As civilization faces an existential crisis, our leaders demonstrate their inability to respond. Theory of change shows that now is the time for radically new ideas to transform society before it’s too late.
‘Developers were only too happy to keep building safety deposit boxes in the sky, helping domestic and foreign capital — rather than people — find a home.’
We’re now 10 years on from the biggest financial crisis since the Great Depression. Or, as our national mythology puts it, 10 years since Canada breathed a deep sigh of relief as the crisis mostly grazed our economy and financial system.
Since 2008, we’ve had 10 years of congratulatory back-patting over our system of financial regulation, 10 years of low inflation and low interest rates, 10 years of periodically oil-driven economic growth — and 10 years of exploding housing prices, of renovictions and demovictions, of working people pushed out of some cities and a real estate investment bonanza for the homegrown and foreign rich.
The neoliberal state we’ve inherited prides itself on not interfering with or, god forbid, regulating markets and financial flows except when inaction might be systemically destabilizing. Unfortunately for the government, our housing sector needs patching up — even if it means breaking out the red tape.
Both Ontario and British Columbia have instituted foreign buyers taxes. B.C. has also implemented a mildly progressive property tax on homes valued at over $3 million and increased property transfer tax rates. Vancouver has an empty homes tax starting this year.
These measures, which are welcome and contributing to cooling the two most haywire housing markets (Vancouver and Toronto) in terms of both sales and price growth, are nonetheless insufficient to the scale of Canada’s housing affordability crisis.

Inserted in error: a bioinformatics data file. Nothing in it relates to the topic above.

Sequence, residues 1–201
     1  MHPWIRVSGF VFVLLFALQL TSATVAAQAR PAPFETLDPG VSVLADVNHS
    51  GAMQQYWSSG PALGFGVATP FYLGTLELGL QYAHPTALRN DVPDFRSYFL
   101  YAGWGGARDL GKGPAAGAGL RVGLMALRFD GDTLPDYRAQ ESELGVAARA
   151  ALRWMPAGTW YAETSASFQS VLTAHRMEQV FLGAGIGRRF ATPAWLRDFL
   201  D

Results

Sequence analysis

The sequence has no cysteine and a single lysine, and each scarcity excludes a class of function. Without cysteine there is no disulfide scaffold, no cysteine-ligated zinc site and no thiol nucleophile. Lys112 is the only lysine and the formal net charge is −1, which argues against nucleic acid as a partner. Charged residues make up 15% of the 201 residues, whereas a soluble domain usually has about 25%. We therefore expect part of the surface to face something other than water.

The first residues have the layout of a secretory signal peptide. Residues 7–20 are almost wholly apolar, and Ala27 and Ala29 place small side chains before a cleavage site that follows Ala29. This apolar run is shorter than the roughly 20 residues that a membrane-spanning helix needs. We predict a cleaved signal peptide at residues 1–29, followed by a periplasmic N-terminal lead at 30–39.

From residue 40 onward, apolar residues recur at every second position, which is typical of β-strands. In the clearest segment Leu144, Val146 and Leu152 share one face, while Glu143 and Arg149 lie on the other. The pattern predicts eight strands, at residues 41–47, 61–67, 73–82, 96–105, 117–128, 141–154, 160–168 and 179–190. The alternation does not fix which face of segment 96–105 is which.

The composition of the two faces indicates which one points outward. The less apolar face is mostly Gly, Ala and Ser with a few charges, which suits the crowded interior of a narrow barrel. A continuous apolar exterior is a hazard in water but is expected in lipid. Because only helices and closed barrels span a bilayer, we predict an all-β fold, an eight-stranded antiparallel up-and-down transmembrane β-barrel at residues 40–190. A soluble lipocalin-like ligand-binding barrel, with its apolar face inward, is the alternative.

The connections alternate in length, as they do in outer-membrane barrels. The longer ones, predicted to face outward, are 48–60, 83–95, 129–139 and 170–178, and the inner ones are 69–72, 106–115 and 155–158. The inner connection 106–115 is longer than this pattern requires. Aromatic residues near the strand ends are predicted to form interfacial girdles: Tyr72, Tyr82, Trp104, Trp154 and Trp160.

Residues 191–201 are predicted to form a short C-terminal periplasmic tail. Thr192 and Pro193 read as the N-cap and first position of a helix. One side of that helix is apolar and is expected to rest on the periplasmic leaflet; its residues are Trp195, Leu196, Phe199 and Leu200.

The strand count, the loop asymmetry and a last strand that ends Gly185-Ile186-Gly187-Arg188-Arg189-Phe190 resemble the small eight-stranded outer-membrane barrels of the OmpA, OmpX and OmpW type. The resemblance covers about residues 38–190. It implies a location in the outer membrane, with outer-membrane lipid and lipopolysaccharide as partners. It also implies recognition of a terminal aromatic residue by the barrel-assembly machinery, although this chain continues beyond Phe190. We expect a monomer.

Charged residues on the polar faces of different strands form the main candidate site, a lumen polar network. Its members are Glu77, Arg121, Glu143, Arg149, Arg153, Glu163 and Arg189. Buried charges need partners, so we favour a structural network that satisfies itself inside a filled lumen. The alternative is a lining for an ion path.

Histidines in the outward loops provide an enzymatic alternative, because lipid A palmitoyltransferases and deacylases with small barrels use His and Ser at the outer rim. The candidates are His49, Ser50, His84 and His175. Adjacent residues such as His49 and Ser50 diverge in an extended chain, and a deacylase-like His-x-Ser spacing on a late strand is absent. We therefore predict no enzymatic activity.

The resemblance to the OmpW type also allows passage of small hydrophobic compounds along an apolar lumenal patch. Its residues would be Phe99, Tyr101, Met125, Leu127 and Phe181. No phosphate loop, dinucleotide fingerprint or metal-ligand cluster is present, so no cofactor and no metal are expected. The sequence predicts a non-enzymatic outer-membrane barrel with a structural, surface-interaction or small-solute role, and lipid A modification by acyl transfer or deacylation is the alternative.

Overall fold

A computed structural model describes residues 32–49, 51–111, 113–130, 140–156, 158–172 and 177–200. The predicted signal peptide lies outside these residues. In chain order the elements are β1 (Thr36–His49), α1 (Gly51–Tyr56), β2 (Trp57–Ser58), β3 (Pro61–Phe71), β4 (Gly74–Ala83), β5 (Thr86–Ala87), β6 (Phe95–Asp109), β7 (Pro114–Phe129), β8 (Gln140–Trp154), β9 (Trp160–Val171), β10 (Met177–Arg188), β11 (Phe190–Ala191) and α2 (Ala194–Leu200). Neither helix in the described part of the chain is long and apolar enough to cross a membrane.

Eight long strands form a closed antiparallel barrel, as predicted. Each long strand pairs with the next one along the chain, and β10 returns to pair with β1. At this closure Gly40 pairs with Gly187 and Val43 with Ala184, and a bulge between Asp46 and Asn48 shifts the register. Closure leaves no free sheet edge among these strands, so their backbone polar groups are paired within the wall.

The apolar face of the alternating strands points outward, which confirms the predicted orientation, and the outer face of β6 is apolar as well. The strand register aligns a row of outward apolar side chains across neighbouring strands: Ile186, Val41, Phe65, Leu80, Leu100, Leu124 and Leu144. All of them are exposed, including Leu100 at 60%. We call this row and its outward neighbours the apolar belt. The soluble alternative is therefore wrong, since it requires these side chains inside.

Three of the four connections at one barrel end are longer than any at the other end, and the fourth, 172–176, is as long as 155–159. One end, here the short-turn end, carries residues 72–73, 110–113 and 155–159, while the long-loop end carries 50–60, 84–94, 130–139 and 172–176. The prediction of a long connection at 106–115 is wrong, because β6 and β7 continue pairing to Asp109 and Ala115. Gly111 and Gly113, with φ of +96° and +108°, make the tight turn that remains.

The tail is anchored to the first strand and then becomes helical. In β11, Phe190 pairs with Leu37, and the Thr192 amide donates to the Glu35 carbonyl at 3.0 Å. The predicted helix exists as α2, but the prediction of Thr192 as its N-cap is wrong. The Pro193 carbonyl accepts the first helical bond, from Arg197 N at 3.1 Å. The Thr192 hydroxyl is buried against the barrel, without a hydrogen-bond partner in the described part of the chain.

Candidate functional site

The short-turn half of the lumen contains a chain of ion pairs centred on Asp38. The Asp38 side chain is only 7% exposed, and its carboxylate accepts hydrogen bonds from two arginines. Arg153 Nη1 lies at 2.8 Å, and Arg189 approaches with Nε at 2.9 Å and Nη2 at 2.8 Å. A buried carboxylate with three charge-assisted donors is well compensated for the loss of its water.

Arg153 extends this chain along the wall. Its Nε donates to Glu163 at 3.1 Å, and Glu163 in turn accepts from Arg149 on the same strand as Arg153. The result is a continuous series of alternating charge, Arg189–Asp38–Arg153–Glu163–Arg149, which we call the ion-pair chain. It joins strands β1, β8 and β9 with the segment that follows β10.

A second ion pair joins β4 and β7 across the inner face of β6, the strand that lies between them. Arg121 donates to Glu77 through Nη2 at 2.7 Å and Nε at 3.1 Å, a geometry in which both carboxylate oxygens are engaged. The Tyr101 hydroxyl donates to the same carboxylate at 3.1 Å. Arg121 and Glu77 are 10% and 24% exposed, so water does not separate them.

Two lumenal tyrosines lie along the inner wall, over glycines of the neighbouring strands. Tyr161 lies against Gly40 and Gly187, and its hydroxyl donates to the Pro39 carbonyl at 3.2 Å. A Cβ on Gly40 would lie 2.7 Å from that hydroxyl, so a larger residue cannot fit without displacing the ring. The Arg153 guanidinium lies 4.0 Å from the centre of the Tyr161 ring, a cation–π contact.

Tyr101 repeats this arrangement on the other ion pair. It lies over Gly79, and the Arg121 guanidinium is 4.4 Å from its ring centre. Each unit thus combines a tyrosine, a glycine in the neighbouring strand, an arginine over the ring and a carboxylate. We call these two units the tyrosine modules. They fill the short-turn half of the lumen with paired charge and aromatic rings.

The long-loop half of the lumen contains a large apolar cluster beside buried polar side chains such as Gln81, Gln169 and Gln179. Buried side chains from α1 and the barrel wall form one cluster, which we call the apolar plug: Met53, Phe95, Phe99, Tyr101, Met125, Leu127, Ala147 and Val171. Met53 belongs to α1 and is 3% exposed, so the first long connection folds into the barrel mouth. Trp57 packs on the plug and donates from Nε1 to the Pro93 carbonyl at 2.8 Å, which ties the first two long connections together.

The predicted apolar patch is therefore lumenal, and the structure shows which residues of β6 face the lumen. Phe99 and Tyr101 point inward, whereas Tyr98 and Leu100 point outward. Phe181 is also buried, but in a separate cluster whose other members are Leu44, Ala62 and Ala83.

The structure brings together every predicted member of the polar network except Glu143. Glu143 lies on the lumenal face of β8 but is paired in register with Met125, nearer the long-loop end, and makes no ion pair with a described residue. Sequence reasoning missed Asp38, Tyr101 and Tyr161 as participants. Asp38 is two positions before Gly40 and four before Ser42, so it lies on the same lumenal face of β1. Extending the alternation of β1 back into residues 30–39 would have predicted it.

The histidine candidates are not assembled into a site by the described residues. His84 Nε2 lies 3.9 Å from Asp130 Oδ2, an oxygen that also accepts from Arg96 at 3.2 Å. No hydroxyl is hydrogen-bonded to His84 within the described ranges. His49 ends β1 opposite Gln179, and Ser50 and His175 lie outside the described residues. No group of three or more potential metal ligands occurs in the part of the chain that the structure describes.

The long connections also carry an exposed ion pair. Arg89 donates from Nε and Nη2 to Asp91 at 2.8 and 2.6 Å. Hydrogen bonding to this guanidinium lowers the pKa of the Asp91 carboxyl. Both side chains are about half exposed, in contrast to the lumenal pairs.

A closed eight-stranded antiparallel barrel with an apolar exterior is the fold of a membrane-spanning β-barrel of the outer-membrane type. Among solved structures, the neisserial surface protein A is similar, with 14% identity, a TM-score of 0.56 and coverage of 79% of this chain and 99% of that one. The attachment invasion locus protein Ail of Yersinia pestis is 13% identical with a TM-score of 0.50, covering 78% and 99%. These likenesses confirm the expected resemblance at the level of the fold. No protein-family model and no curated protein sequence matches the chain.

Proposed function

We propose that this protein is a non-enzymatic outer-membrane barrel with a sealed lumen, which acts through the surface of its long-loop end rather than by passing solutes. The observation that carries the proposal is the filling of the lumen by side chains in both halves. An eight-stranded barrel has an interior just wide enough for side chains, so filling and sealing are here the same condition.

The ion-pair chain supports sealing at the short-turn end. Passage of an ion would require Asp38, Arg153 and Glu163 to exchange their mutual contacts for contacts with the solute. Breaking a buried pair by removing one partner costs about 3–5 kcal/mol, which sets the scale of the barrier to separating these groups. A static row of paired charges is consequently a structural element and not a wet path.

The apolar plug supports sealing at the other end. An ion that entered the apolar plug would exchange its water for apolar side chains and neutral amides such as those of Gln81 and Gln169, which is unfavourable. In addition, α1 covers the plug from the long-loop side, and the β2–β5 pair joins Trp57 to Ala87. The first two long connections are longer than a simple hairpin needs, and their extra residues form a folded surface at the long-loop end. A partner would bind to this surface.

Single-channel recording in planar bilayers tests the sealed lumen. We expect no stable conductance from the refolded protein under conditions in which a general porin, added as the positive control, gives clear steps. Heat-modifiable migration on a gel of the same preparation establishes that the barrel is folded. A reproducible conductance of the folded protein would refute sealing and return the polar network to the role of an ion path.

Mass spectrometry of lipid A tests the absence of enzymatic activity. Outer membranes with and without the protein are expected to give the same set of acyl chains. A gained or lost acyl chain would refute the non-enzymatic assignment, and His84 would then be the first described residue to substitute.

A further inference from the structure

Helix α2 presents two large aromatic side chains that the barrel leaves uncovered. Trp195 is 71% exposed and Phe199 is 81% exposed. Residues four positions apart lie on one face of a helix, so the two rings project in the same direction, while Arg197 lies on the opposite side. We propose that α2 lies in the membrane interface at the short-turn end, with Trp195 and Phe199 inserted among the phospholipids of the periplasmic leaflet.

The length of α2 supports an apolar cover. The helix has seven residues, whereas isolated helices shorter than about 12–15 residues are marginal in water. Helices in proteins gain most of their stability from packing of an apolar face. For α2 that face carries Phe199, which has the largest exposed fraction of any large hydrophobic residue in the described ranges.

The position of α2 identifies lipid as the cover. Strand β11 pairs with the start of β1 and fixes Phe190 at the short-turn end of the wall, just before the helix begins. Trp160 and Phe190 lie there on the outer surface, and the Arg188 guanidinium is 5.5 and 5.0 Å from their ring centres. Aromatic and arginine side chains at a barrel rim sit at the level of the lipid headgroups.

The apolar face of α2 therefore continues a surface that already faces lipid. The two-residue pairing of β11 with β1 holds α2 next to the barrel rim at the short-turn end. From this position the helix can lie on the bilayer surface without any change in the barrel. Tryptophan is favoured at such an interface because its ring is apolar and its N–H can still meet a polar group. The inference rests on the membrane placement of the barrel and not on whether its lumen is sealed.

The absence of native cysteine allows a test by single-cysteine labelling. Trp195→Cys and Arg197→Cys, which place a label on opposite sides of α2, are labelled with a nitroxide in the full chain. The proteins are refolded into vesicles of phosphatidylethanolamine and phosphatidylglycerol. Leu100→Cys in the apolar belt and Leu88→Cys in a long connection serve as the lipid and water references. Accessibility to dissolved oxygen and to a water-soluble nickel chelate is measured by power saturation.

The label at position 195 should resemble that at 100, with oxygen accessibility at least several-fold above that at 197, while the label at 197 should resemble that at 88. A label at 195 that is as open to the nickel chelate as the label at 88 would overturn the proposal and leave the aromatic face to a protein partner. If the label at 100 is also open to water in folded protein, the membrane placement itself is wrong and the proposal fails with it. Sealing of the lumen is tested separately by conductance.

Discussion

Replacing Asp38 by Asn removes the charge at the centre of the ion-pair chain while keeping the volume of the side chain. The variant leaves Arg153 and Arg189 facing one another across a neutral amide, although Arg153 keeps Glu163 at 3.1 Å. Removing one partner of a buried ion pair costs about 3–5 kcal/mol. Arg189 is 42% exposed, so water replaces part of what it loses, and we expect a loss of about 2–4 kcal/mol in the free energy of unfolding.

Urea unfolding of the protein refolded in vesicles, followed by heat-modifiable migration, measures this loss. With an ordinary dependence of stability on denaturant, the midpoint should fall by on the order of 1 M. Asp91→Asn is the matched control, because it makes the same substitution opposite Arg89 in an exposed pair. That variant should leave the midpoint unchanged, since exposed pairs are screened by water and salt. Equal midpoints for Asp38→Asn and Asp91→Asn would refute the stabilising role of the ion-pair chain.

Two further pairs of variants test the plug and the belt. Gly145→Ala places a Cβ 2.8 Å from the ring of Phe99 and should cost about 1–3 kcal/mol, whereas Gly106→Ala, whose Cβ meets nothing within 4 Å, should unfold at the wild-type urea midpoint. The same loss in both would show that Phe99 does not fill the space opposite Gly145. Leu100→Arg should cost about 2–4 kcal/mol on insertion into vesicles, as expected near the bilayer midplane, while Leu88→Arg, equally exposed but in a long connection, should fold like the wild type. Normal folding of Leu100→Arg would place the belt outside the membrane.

Luckily, the alternative policy toolbox is full for those willing to make use of it. Here are some of the sharper implements:
The Ford Government is a textbook example of extreme neoliberal policy: reduce government and regulations to a minimum; cut taxes; let business operate freely without restrictions; encourage investment and embrace the free market to deliver growth, maximum profits — all leading to prosperity. Question: Is this making your life better?
The Ford government has axed provincial funding for two institutes credited with positioning Ontario and Canada at the forefront of artificial intelligence research — a field the government’s own prosperity think tank says must be supported if the province wants to remain competitive and create jobs in a booming technology sector.
The Ministry of Economic Development, Job Creation and Trade cut $20 million from the Vector Institute for Artificial Intelligence and $4 million annually from the Canadian Institute for Advanced Research (CIFAR), which supports a hub of AI-focused computer scientists. Both draw funding from the federal government and other sources and say they will adjust programming or operations.
A prosperity think tank funded by the ministry concluded in a report last year that Ontario has a “rich AI ecosystem led by some of the world’s best AI scientists and business thinkers,” thanks in part to early investment in basic research. The report cited the Vector Institute as an attractor of high-profile talent to the region.
The report’s key recommendation: “It is imperative that the province stay ahead of the curve and support the research and development of this technology, so that we stay at the leading edge of AI innovation.”
The think tank that issued the report, the Institute for Competitiveness and Prosperity, was itself axed by the government and closed its doors last week after 18 years. It was the research arm of a task force created by then premier Mike Harris in 2001 and was designed to examine policies that could help Ontario become more competitive. MORE